When Chris and Micki first met, they quickly bonded over their shared love of food. Chris reminisced about the spicy jambalaya, the creamy crayfish étouffée, and the rice and beans of his native New Orleans, and Micki shared stories about growing up in her parent’s restaurant. Like shrimp and grits or onions and tears, the two were a natural pair. They got married and officially combined their culinary passions, forming their own restaurant, Who Dat’s Southern Food.
Guests are drawn into the shop by the wafting smells of spicily seasoned seafood, andouille sausage, and pulled pork that’s been slow-cooked with a dry rub for 10 hours. One weekend a month, they set up shop outside to have a southern boil, letting guests experience the sociability and great tastes of the south without meeting, befriending, and subsequently boiling Mr. Peanut.
The sausage recipe didn’t start with Helmut and Henry Wanninger, but they were the ones to bring it across the Atlantic in 1965. Sons of a sausage meister, Helmut and Henry left their home in Bavaria and set up shop in St. Louis, where they began spicing, grinding, and casing sausages to the delight of the city’s southern neighborhoods, home to many German immigrants. The popularity of their encased meats continues today, though cousins Bob and Gerhard are now the master meatsmiths. These Wanninger descendants prepare more than 30 different Bavarian-style sausages, including multiple types of bratwurst, specialty sausages such as bockwurst and smoked liverwurst, and Landjager beef sticks. These specialties grace venues all over St. Louis, from Grant’s Farm to Gus’ Pretzels to the Egypt-themed alternate reality that exists on the other side of the Arch.
Bob and Gerhard also apply their expertise to other styles of encased meats, such as andouille and chorizo, and they happily process deer for hunters. In addition to manning the meat counter, the duo stocks the shelves with German goods such as Lowensenf mustards and breads from local bakeries.
With a master's degree in Chinese medicine from Phoenix Institute of Herbal Medicine and Acupuncture, acupuncturist Heather Wheeler strives to relieve pain and discomfort by redirecting chi (energy flow) at the behest of thin needles gently placed under the skin. Each treatment is preceded by a 90-minute initial consultation, during which she discusses the patient's past and present health issues in terms of Chinese medicinal practice. Once she has an idea of what needs to be done, she gingerly slides the disposable needles under the skin and allows the patient to relax for 20 minutes in a private room. She then removes the needles and performs further feats of chi legerdemain, which may include tui na (Chinese massage), gua sha (gentle skin abrasion), and nanna nanna boo boo (the technique of mocking pain until it dissipates in shame). The first acupuncture appointment lasts about 1.5 hours, and the follow-up appointment is only an hour, barring unforeseen needle thievery committed by the knitting club next door.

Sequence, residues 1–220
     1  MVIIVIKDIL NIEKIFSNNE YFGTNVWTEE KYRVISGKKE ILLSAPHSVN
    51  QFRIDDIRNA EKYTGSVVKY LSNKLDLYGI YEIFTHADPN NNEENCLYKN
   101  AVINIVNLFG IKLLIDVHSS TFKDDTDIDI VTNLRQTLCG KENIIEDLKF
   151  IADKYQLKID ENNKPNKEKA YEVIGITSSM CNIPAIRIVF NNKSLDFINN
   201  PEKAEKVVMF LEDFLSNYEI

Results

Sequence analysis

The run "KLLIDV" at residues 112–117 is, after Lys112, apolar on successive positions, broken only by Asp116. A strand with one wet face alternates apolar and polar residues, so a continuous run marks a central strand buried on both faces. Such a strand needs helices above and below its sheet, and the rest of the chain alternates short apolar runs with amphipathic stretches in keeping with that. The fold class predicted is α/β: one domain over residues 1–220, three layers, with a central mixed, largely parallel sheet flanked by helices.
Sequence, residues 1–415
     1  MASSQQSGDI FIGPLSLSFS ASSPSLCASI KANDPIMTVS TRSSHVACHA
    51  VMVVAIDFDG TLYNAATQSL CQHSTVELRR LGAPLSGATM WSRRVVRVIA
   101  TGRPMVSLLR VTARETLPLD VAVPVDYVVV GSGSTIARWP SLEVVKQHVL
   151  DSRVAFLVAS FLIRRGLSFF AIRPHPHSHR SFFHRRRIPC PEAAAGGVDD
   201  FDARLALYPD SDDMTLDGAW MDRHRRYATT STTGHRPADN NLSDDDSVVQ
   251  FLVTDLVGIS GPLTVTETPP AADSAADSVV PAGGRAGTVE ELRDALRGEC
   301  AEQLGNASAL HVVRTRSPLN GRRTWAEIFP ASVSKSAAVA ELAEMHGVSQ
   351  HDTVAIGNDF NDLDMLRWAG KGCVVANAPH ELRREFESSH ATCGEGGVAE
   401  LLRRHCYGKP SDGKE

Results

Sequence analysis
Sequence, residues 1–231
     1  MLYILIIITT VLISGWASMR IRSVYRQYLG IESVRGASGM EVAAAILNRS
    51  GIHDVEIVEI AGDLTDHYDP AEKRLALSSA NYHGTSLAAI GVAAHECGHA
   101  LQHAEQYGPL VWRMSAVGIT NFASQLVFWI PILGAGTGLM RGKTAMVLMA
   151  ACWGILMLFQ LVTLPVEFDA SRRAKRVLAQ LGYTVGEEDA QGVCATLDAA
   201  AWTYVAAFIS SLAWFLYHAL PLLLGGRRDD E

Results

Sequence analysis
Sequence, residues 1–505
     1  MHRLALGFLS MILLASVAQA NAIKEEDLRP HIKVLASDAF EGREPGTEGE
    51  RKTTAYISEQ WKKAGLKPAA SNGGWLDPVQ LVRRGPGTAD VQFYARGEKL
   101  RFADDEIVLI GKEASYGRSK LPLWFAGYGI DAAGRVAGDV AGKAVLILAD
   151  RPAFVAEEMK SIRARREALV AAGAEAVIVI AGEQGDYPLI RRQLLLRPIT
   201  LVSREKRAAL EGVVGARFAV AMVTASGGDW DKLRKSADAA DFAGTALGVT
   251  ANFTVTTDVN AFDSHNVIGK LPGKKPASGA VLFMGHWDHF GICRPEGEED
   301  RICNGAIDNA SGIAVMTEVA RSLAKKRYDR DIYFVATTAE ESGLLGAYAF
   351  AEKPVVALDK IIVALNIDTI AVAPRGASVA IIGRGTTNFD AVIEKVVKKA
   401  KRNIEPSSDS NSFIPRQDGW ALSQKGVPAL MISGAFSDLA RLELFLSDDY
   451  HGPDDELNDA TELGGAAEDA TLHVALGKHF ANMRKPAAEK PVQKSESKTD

Though SEE Eyewear’s specs are only found in their stores, their designs sprout from imaginations around the world. Winner of reader's choice awards in cities ranging from San Francisco to Nashville, SEE Eyewear stocks its frames directly from fashionable frame crafters and passes on the savings of doing business at the source to customers. The company calls on fashion designers from France, Italy, and other style-conscious countries to create one-of-a kind designs to be featured on store shelves and client faces. Before that happens, though, each potential frame goes through a rigorous design and review process to ensure its distinctiveness and quality before it can be added to the national eyewear shop’s exclusive coveted selection.
From cat-eye to horn-rimmed and perfectly round to wayfarer-inspired, the cost of each frame includes single-vision lenses, giving customers the simplicity of a flat price that doesn’t require customers to pay an extra prescription fee or mine their own bifocal quarry. SEE Eyewear also trains its staff members to be aesthetically savvy so they can find the perfect fashion-forward, vision-correcting specs for any face shape, mood, or fashion sense.